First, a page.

Health Innovation Highlights: September 21, 2018

Full Edition


We’re Hiring!

The Center is hiring a Consumer and Community Engagement Advisor. This new position will build collaborative relationships with clients including health plans and providers, hospitals, state agencies and others serving vulnerable populations. In particular, this person will assist clients in developing and implementing effective systems of community engagement in health care. The advisor will provide skill-building training and strategic guidance to support client efforts aimed at engaging consumers in order to improve health care services and the overall health of vulnerable populations. A bilingual and/or bicultural background is highly desirable. Please pass along this announcement to individuals you think might be a good fit.

Finding Center Resources Just Got Easier!

If you’ve spent time seeking out items of interest on the Center’s website by wading through the wide variety of policy briefs, comment letters, toolkits, blog posts and more that we’ve published over the past few years, we have good news! We have rolled out a new Resources page that allows visitors to more easily find materials most relevant to their interests. Simply click on “RESOURCES” in the top menu of any page on the website to visit the new page and use the topic filter checkboxes to refine the listing. Please visit the new page and give it a spin!  We welcome your feedback and suggestions for how to make this new feature work even better.

Center Comments on Physician Fee Schedule Proposed Rule

On Sept. 10, the Center submitted comments to CMS on the Physician Fee Schedule Proposed Rule. This Proposed Rule provides CMS with an important opportunity to ensure that Medicare payments accurately reflect the time and effort needed to appropriately care for beneficiaries and provide them with the services necessary to improve health outcomes or maintain quality of life. It impacts what kinds of services Medicare beneficiaries receive, how much time their providers spend with them and their out of pocket costs, among other things. The Center’s comments addressed a variety of topics relevant to the Proposed Rule, including:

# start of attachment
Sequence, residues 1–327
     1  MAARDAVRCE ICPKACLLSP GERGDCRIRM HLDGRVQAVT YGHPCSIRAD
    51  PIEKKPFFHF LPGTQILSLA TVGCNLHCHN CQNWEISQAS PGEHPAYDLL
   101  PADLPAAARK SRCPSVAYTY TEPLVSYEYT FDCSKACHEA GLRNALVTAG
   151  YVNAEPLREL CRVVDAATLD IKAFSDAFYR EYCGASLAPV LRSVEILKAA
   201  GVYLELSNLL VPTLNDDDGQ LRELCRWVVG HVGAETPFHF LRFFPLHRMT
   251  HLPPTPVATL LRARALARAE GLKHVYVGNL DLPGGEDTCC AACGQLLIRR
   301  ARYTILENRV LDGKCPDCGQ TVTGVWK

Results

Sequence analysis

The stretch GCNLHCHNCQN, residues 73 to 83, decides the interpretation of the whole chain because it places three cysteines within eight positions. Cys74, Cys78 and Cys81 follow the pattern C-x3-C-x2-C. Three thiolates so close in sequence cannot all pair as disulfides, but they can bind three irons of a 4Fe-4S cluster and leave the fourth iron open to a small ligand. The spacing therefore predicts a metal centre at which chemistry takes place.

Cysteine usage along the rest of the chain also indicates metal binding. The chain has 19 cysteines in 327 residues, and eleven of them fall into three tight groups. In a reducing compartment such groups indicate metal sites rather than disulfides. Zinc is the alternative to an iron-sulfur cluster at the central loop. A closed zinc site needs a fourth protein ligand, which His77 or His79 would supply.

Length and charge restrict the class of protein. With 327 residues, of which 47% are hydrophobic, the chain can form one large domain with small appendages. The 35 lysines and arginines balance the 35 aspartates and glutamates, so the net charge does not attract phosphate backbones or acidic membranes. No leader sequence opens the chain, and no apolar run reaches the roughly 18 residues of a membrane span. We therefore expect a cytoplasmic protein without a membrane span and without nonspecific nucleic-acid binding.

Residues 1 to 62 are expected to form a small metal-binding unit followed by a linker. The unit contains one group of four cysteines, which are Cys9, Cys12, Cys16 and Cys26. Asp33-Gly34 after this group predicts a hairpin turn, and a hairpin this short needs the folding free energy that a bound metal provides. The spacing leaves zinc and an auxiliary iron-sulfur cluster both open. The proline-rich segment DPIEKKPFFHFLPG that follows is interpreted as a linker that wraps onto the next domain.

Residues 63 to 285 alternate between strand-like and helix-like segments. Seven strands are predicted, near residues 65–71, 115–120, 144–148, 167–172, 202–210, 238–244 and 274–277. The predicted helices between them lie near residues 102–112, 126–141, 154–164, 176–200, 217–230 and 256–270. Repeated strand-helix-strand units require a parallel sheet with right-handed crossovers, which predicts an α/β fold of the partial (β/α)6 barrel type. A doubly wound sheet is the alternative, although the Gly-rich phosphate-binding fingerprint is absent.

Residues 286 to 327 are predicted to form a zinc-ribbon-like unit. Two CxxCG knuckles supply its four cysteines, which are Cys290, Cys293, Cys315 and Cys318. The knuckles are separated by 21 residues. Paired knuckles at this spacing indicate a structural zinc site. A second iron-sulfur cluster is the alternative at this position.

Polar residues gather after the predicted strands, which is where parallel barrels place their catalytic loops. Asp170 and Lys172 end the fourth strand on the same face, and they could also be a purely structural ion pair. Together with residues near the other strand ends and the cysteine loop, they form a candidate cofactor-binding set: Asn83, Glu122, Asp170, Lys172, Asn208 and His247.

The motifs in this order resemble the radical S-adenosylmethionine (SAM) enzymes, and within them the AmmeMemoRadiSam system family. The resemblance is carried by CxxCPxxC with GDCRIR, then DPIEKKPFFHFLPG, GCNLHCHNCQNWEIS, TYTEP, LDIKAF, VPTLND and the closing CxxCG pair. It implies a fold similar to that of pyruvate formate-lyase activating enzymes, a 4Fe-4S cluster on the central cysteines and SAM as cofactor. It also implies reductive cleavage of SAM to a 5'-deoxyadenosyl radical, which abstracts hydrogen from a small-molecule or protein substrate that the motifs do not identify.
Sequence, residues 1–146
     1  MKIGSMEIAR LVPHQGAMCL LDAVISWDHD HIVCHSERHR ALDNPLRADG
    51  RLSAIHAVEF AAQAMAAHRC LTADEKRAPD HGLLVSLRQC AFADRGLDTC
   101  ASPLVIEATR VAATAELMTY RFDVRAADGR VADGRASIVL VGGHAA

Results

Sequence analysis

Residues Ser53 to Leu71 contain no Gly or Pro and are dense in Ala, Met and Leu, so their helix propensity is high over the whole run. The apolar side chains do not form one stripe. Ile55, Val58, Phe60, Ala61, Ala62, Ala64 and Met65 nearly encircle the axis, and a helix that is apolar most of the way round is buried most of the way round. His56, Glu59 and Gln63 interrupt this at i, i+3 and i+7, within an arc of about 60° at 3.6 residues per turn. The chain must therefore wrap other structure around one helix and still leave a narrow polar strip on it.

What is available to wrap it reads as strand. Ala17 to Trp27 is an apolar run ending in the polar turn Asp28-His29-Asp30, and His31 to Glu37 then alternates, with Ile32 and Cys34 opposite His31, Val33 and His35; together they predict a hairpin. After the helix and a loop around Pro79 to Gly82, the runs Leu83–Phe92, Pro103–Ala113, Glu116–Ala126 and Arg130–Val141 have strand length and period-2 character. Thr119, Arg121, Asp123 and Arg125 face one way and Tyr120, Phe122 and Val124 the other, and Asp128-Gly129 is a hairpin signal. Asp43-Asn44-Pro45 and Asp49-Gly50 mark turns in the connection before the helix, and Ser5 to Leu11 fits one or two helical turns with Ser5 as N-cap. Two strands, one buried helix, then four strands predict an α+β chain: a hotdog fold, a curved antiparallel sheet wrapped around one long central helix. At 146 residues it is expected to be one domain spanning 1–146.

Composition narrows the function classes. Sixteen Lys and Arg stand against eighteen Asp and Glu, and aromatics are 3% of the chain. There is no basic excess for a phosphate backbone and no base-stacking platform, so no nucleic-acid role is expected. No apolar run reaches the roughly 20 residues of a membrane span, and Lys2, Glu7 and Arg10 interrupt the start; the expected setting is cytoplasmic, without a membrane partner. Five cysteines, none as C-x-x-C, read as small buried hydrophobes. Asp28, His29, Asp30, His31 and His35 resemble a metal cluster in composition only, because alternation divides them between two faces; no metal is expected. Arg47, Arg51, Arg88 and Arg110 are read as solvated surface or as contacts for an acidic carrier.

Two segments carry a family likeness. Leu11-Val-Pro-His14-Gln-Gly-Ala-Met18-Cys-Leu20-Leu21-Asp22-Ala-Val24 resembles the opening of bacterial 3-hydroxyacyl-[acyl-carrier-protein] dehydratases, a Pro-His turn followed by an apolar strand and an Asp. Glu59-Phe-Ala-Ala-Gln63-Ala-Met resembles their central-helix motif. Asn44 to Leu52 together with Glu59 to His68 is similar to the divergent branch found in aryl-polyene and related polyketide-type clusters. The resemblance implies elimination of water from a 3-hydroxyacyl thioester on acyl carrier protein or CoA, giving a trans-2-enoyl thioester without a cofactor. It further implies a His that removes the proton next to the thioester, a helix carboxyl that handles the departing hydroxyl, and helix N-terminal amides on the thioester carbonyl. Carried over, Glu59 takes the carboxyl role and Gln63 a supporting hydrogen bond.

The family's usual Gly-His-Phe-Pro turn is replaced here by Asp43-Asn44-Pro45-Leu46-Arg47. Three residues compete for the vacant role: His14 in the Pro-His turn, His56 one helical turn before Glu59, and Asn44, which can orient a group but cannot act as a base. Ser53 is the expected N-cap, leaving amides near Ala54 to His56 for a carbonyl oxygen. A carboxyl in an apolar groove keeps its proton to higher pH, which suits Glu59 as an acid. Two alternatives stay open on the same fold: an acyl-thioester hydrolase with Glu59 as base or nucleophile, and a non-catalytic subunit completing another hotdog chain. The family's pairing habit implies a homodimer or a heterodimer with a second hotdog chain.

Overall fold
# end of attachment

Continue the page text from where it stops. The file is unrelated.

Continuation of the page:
• Technology-Based Consultations
  • Evaluation and Management Visits
  • Part B Drugs
  • Bundled Payment
  • Substance Use Disorders
  • The Quality Payment Program
  • Transparency


New Report Highlights the Lack of Data on the LTSS Needs of Younger Adults with Disabilities

A new report published by the Long-Term Quality Alliance (LTQA), with support from the Commonwealth Fund, reveals the gaps in research and policy understanding about differences in needs between the older and younger adult populations who rely on long-term services and supports (LTSS). The authors discuss how this gap in knowledge has contributed to a disproportionate focus on the LTSS needs of older Americans and impedes the ability of policymakers to make improvements to the delivery and financing of LTSS for adults with disabilities under 65. Final recommendations include identifying instruments to use in a comprehensive study of people with disabilities across the lifespan, developing a legislative proposal to appropriate funds for a national survey on disability and LTSS need, and conducting a pilot survey for a subgroup of younger adults with disabilities.

Independent Evaluation of ACO Performance Finds ACO Savings Double CMS Estimate 

An independent evaluation of Medicare Shared Savings Program (MSSP) ACOs found that savings were nearly twice the amount estimated by CMS. In the largest-ever study of ACO performance based on Medicare claims, evaluators assert that the benchmarking methodology used by CMS to calculate savings understates the actual savings generated by the ACOs.

States Look to Advance Access to Quality Palliative Care